Good hope

Tuesday night, March 16 2010
As we anticipated this trip, Steve several times commented that he expected we would be seeing some of the most beautiful landscapes on earth. And we have, but I have to say our encounters with the inhabitants of those landscapes — human and animal — have been at the forefront of our attention. Today was different. Our interactions with other humans was limited to jockeying for photo-op positions with the Chinese, British, Dutch, English, French and other tourists we encountered throughout the day. As we drove from our hotel to the Cape of Good Hope, the physical world took center stage.
Actually, we did have two memorable animal encounters. One came after we had entered Table Mountain National Park, toward the bottom of the long cape that Cape Town sits astride. We passed sign after sign warning of the highly endangered baboons who inhabit the area. They bite. They are wild animals who must not be approached or fed! If you feed them, you will be fined!! We didn’t need the warning, as we’d already heard stories about these creatures, as clever and menacing as the bears of Yosemites. So we neither fed nor approached the troop of about 20 animals — little babies, juveniles, adults — who stopped traffic on one section of the road. One of the biggest baboons clutched what looked like a woman’s duffel bag. Pilfered? We couldn’t tell, but two rangers grimly followed the troop on foot, one with a mean-looking leather whip in his hand. I think he cracked it, sending the baboons off the road and away from additional human contact.

The other animal interaction came on our return drive back to town. In the little town of Boulder Beach, we detoured to see the resident colony of African penguins there. We’d already been introduced to these birds yesterday, during our brief visit to the excellent aquarium at the Waterfront. The African penguins (once known as jackass penguins because they supposedly make a braying noise) are only about a foot tall, and their black and white plumage is set off with a band of pink eye shadow. They were very cute as the marine biologist parceled out fish, which they swallowed whole.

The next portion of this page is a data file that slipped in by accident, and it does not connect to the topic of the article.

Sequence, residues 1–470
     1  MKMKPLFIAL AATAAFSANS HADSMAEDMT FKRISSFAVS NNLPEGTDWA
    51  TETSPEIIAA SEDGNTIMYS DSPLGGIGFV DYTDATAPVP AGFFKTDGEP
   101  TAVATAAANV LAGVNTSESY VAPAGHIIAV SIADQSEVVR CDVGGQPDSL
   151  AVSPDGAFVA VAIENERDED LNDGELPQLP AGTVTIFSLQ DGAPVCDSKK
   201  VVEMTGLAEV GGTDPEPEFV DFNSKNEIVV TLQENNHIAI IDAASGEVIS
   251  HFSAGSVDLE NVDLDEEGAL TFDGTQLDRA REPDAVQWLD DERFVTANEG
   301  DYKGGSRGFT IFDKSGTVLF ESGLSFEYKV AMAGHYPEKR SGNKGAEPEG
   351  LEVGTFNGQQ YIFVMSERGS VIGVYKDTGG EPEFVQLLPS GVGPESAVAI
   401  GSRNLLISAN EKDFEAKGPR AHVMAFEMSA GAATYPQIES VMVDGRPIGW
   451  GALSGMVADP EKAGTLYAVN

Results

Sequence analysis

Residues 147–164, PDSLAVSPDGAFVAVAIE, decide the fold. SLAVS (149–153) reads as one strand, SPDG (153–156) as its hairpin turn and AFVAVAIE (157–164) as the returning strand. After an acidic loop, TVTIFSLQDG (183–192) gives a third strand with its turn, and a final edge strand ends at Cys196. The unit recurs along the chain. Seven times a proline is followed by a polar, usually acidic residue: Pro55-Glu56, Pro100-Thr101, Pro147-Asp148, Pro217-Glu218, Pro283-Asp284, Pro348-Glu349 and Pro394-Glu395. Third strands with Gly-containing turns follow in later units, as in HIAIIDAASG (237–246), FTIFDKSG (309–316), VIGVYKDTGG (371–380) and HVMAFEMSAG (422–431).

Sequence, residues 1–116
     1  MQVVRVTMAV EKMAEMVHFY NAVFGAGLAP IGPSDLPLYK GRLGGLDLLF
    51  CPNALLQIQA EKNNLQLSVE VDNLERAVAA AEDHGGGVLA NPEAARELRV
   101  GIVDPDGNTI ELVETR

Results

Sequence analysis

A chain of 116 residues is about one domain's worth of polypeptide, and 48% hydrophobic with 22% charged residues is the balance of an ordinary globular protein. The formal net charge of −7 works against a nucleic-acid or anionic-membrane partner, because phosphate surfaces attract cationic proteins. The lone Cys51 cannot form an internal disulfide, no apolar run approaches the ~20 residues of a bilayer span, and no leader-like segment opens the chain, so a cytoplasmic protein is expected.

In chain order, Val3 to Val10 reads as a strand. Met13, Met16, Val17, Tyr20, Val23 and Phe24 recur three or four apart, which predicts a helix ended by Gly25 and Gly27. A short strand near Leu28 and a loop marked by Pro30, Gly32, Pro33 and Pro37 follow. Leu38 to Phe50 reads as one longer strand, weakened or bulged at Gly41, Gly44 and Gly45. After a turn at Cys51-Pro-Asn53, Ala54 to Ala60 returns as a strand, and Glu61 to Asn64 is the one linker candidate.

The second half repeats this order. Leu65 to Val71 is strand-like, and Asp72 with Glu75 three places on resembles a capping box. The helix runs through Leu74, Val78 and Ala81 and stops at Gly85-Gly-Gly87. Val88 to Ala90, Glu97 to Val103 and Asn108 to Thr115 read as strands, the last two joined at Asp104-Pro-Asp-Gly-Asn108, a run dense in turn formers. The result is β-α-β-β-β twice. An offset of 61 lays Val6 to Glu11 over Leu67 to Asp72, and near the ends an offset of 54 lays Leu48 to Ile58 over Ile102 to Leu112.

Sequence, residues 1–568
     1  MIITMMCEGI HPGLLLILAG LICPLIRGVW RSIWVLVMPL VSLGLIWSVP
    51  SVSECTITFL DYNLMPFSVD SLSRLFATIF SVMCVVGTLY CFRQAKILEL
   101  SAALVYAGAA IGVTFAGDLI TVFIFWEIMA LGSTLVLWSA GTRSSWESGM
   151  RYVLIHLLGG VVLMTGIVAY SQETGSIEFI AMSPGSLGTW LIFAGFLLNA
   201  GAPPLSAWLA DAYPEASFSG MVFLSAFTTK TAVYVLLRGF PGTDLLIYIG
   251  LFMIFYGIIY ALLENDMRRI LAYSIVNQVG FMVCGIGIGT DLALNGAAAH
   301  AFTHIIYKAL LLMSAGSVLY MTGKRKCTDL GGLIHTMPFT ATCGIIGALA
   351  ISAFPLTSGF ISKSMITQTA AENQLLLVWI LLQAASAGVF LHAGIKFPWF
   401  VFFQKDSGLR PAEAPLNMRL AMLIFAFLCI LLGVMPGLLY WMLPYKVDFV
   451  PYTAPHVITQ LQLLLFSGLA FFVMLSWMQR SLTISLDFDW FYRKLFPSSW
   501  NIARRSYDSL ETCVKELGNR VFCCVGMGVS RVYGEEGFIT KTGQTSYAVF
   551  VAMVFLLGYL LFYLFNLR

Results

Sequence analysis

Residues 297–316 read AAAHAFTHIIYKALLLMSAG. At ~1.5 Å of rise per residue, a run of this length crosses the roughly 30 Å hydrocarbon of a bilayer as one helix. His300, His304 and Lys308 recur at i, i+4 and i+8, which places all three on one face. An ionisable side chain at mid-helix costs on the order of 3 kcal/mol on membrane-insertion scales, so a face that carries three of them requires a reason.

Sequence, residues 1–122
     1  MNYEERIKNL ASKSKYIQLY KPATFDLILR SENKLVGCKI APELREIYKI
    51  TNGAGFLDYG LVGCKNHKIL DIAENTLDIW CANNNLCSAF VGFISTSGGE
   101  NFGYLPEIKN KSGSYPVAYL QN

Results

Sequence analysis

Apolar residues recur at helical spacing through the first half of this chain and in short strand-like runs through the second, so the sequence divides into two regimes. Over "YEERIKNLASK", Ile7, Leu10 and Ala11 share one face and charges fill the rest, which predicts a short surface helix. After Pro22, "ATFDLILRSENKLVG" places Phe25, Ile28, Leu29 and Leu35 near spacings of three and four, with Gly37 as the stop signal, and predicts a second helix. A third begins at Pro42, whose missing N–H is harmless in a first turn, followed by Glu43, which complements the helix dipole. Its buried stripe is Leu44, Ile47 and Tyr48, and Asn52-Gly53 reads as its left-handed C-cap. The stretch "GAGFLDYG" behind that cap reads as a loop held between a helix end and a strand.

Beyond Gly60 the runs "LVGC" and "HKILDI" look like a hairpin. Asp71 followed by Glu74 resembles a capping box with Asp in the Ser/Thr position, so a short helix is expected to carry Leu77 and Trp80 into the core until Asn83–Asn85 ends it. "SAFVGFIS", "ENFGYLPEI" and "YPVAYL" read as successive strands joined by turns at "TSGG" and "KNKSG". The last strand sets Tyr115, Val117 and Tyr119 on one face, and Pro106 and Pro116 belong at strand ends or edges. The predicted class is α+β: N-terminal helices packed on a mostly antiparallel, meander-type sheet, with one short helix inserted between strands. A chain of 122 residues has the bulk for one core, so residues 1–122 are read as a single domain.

But it was wonderful to see them in the wild this afternoon — hundreds of them lining the beaches and grooming each other and waddling around and sitting on eggs. If Boulder Beach is a tame suburban setting, the wind today made it a savage place. It whipped the water into a mass of white caps. Some of the gusts shoved and jostled us, like bullies, and after we’d climbed back into the car, our skin and scalps felt like sandpaper.

Despite the wind, the sun shone brightly all day long, and the drive to the tip of the cape was splendid. Just outside Cape Town, we wound along roads that hugged the steep cliffs, overlooking huge white beaches encrusted with picturesque towns. By turns, the water looked cobalt blue, then clear turquoise, then emerald green. It made me think of a combination of the most beautiful coastline in both Hawaii and California. Later, approaching the tip of the cape, the land grew starker, stonier, and clad in fynbos, the South African version of coastal chaparral, but lusher and more beautifully colored than any chaparral I’ve seen.

Our primary goal for this outing was the Cape of Good Hope, often thought of as the tip of Africa, the southernmost point, the place where the Indian and Atlantic oceans meet. It’s none of those — those honors go to Cape Argulhas, several hundred kilometers further south. Still it felt a little like an omen to me to be standing with Steve on this wild and beautiful spot, on our 36th wedding anniversary, rounding another important landmark on this fantastic journey, with good hope for what we’ll find further down the road.

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